"As you set off into your job search, I want you all to stand tall. Don't be afraid to go out there and sell yourselves... If you want a job, you can't be modest. You've got to show off a little bit. And believe me, you all have so much to show off."
That was Michelle Obama's message for female veterans, delivered at a jobs development forum on Monday in Arlington, Virginia. The first lady's message is especially poignant on Veterans Day, as America remembers and celebrates the dedication of its servicemen and servicewomen. It also stands as a stark reminder of the outsized challenges facing female veterans upon returning home.
Watch a clip from her emotional remarks here:
Unique sacrifice: More than a quarter-million women have served in America's two long post-9/11 wars. Today, they make up more than 20% of the military's new recruits.
But even as female troops are inching toward equality in the ranks, returning veterans are facing unexpected struggles on the home front. The October unemployment rate for women veterans of the wars in Iraq and Afghanistan was 11.2%, five points higher than their male colleagues and 48% above the national rate.
"And that," as Obama said, "is just wrong."
The first lady also announced a series of new public-private partnerships with LinkedIn and online learning site Coursera, which will provide free additional services to active duty troops, veterans and their spouses. Veterans will receive free "premium jobseeker" status on LinkedIn, which means their resumes will appear under the "featured applicant" heading when employers scour the site.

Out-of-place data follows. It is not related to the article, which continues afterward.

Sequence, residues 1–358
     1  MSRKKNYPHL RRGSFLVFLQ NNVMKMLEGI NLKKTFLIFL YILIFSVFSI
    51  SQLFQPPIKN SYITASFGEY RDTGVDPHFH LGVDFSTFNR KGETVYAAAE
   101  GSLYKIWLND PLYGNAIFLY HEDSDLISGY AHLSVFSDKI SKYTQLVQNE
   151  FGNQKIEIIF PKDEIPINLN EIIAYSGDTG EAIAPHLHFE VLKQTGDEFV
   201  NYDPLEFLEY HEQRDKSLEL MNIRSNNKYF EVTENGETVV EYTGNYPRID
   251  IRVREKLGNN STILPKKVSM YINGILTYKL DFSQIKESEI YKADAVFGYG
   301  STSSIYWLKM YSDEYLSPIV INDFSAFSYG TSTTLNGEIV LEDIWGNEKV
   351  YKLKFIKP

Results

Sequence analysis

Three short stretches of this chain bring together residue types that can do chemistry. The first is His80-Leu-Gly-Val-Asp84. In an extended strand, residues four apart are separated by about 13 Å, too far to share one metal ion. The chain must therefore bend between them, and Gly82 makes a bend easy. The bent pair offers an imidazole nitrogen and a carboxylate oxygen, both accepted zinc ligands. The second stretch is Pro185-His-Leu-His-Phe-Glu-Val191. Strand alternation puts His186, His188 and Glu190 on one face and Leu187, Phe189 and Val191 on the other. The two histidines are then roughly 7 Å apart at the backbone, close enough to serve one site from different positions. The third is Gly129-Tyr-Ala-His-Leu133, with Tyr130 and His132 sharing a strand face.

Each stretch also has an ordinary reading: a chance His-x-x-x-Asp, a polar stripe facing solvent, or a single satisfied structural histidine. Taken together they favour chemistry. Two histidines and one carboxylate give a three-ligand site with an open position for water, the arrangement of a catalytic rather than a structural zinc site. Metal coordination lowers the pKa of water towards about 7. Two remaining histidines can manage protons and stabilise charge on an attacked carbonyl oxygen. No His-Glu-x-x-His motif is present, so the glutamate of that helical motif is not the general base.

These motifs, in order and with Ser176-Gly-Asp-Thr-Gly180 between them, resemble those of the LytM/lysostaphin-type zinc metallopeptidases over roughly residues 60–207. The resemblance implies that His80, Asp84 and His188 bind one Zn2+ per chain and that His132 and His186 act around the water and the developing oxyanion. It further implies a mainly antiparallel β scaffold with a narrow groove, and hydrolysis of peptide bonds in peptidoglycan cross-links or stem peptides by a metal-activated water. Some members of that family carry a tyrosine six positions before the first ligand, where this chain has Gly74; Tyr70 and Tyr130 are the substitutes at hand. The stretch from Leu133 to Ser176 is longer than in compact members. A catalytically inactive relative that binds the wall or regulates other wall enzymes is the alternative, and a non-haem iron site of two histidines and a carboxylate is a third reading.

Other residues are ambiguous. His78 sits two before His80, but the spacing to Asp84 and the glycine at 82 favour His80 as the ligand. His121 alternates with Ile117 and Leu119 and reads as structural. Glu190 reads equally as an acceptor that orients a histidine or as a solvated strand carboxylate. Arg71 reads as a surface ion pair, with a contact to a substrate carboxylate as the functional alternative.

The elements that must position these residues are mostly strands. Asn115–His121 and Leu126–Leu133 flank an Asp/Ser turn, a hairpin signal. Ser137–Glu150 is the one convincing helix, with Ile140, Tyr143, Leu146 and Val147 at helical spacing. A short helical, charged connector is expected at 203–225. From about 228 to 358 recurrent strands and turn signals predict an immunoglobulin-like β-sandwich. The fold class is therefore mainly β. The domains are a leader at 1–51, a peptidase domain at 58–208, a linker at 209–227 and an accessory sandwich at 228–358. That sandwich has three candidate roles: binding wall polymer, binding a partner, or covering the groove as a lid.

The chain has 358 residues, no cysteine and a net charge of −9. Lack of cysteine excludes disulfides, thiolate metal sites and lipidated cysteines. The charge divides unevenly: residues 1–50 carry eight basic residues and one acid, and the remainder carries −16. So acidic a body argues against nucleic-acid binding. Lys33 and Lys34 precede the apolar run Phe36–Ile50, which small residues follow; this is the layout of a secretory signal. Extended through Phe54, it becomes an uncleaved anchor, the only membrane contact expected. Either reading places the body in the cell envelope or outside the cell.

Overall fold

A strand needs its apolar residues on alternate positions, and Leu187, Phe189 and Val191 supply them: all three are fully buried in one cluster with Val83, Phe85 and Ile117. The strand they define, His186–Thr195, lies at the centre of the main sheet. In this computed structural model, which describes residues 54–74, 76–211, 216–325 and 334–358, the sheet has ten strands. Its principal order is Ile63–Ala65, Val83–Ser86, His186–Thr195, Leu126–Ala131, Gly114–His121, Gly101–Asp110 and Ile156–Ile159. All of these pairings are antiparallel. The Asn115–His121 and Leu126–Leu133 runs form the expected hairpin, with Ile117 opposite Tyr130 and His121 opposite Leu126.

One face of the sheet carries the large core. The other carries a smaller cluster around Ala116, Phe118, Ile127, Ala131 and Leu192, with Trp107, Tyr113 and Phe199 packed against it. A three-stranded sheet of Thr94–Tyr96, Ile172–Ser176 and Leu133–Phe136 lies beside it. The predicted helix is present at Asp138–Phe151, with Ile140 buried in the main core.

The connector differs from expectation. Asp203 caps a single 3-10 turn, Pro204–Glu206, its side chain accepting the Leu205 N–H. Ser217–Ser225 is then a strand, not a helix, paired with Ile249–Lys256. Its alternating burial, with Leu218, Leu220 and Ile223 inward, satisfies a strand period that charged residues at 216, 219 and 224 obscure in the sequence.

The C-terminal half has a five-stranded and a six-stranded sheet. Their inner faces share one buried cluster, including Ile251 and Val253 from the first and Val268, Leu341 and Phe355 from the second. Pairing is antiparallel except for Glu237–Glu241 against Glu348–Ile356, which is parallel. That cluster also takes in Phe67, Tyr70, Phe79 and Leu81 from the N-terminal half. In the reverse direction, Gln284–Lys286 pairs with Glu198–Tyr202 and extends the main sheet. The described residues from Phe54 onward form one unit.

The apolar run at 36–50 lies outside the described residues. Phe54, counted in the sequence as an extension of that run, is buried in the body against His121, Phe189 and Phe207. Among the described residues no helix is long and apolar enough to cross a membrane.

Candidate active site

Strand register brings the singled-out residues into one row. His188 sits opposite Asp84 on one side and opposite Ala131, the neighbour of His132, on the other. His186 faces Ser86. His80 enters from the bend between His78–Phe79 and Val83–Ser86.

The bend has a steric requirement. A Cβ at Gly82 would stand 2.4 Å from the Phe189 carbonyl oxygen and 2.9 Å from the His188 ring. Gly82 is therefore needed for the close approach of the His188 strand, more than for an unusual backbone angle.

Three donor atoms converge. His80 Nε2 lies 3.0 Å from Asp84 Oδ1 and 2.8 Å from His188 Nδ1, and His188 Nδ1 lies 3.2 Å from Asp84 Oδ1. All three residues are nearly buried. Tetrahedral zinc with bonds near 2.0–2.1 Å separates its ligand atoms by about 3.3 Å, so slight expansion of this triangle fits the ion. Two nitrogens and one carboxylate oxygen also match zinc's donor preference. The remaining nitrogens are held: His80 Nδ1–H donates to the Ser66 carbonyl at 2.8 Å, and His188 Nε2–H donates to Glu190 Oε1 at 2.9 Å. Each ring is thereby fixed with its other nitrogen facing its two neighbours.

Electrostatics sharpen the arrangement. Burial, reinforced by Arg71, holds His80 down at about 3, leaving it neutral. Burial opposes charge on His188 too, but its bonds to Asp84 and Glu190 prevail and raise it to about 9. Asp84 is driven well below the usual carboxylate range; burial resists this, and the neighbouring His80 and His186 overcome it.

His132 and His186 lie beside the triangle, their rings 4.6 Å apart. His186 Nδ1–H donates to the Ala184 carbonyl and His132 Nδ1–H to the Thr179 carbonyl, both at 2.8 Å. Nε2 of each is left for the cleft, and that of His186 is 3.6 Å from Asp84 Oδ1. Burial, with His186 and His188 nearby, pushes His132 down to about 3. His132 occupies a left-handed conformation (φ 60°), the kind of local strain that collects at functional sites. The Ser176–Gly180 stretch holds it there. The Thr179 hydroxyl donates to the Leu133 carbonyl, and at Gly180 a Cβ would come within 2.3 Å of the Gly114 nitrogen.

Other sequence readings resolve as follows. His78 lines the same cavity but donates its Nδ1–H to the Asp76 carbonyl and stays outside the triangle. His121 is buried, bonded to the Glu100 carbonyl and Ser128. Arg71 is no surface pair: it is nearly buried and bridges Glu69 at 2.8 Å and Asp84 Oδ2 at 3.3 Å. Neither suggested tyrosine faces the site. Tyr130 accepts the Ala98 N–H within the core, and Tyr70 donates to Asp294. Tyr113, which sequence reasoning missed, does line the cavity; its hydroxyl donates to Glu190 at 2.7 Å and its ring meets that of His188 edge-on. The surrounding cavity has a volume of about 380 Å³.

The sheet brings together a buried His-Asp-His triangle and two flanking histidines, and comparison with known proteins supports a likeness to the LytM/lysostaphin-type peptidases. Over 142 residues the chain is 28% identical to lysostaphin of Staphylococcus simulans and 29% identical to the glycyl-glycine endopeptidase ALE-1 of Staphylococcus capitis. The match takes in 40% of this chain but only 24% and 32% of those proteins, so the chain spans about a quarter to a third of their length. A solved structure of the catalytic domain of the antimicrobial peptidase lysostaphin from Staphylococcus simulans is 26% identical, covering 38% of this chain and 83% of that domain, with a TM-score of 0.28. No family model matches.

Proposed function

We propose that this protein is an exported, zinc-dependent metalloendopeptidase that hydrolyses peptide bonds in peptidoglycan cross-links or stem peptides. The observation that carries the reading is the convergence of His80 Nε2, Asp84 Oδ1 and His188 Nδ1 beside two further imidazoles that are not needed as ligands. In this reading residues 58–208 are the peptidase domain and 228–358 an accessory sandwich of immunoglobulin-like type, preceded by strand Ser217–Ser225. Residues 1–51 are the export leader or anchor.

Just a start: These are good first steps. Obama has been a strong voice for veterans since her husband took office in 2009. But the challenges facing women veterans are vast and deeply in an institution that has not pivoted toward their needs.
"A third of VA medical centers lack a gynecologist on staff," the Wall Street Journal reported recently, citing a study from the Disabled American Veterans group. "About 1 in 5 women veterans report having experienced military sexual trauma, including rape, yet 31% of VA clinics lack staff to provide adequate treatment, according to the Institute of Medicine, an independent nonprofit."
The study also turned up a series of "foundational" issues rooted in a military culture that is not accustomed and is often unwelcoming to to women.
The first priority, according to a VA's Women Veterans' Task Force cited by the DAV, will be "to reverse the enduring perception that a woman who comes to VA for services is not a veteran herself, but a male veteran's wife, mother or daughter."
"Our nation does not yet adequately recognize and celebrate the contributions of women in military service, treat them with dignity and respect or promote their successful transition to civilian life," the report says.
We can do better: While the DAV presents these issues — recognition, celebration and post-service promotion — as a laundry list, they are, in fact, deeply connected. Recognition breed respect, which leads to action. When Obama says that "we've got to do a better job of bridging that gap," she is talking about lining up job skills acquired in the Army with job opportunities back home. But the first step, the most important one, will be in forcing an insular and male-dominated military culture to accept and respect some of its finest new charges.